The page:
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People that talk (Russian participle)

Discussion in 'Русский (Russian)' started by ChicoAnimado, Nov 7, 2013.

  1. ChicoAnimado Senior Member

    Hebrew
    Hello everybody.

    The full sentence is:

    Policemen should not deal with people that talk on their cell phones in cinema halls.

    It's a part of a broader context from a bill about letting the police be in charge of the order in public places like concert halls, cinema halls, etc..

    I'd like to make use of the participle and wanted to know if it's written right.

    While I know it could be say like this: Полицейские не должны иметь дело с людьми которыми говорят на своих сотовых телефонах в кинозалах, I wanted to make a use of the participle for the sake of practice and came up with: Полицейские не должны иметь дело с говоря́щими на своих сотовых телефонах в кинозалах людьми.

    Thanks in advance for any help.
     
  2. willem81 Senior Member

    Russia
    Russian
    Иметь дело does not seem a very good choice here, because in this context it has the meaning of to cooperate. Does the sentence mean that policemen should not arrest those who talk on phone and all that?
    If my guess is right, I would rephrase the sentence as follows:
    Действия полиции не должны распространяться на людей, разговаривающих по мобильному в кинозалах.
     
  3. ChicoAnimado Senior Member

    Hebrew
    Thanks for clearing that up.

    I sometimes see the participles coming before the noun, like this for example:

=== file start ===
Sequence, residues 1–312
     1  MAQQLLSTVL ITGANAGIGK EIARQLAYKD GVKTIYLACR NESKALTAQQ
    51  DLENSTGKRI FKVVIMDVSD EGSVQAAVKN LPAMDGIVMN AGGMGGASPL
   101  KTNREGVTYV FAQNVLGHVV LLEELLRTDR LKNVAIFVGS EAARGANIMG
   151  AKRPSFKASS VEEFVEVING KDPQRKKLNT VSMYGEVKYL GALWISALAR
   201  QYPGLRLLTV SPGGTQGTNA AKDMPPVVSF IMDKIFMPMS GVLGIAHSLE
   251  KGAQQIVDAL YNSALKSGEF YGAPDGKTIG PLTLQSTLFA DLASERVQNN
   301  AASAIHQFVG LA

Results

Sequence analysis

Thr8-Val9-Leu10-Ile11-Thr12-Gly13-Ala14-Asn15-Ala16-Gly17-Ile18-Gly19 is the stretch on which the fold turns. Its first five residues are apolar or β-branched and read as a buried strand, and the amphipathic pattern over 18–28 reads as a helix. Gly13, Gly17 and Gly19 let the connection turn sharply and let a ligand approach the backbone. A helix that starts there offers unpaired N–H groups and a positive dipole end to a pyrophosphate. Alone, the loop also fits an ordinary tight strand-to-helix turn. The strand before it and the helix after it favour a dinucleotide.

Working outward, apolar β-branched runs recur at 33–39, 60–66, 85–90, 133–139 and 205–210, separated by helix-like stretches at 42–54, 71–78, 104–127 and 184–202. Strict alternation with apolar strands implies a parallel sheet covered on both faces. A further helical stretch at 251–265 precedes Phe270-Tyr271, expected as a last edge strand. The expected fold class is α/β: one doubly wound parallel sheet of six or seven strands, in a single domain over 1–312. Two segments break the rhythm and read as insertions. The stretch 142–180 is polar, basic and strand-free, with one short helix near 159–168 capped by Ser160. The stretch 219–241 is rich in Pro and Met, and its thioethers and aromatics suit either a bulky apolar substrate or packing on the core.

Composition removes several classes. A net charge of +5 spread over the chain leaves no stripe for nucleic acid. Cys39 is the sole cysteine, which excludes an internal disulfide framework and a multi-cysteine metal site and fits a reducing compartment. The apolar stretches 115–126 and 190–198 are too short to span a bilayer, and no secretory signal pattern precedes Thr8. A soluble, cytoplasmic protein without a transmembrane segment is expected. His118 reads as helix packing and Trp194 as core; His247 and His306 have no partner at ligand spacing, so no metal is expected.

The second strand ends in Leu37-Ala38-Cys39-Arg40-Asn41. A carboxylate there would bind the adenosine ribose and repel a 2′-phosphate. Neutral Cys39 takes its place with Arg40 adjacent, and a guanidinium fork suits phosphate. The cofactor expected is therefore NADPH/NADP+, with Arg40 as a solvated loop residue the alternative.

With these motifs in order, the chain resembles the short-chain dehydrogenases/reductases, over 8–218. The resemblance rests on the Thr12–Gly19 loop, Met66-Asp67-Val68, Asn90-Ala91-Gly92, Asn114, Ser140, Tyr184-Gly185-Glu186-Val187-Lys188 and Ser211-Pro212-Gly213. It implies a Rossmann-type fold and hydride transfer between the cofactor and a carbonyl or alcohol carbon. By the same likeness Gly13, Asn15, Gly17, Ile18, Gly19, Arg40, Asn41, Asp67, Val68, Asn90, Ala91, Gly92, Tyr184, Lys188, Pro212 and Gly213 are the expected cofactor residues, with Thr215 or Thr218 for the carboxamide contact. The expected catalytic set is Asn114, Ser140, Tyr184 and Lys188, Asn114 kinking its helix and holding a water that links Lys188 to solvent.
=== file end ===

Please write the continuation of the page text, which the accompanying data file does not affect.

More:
...на разговаривающих по мобильному в кинозалах людей.

    In which occasions can that be used?
     
  4. willem81 Senior Member

    Russia
    Russian
    You can use that as well, it's quite correct. If the participle goes after the noun, it must be separated with comma, like in my previous post. If it goes before the noun, no comma is needed.
     
  5. ChicoAnimado Senior Member

    Hebrew
    Я очень благодарю вас :)
     
  6. learnerr Senior Member

    Russian
    Difficult to say in general, but here the difference was that your sentence, when saying something about the police, related what it said to the people (людей), while willem's corrected version related what was about the police to the attribute of these people (разговаривающих по мобильному в кинозалах). This is something having to do with causality: in the first case, the reason is who these people are, in the second case, the reason is what these people do. You obviously meant the second.
     
    Last edited: Nov 7, 2013
  7. igusarov

    igusarov Senior Member

    Moscow, Russia
    Russian
    You can put the participle up front if you want, but keep in mind that the phrase becomes more difficult to comprehend when the defining word and its master word are too far apart.
     

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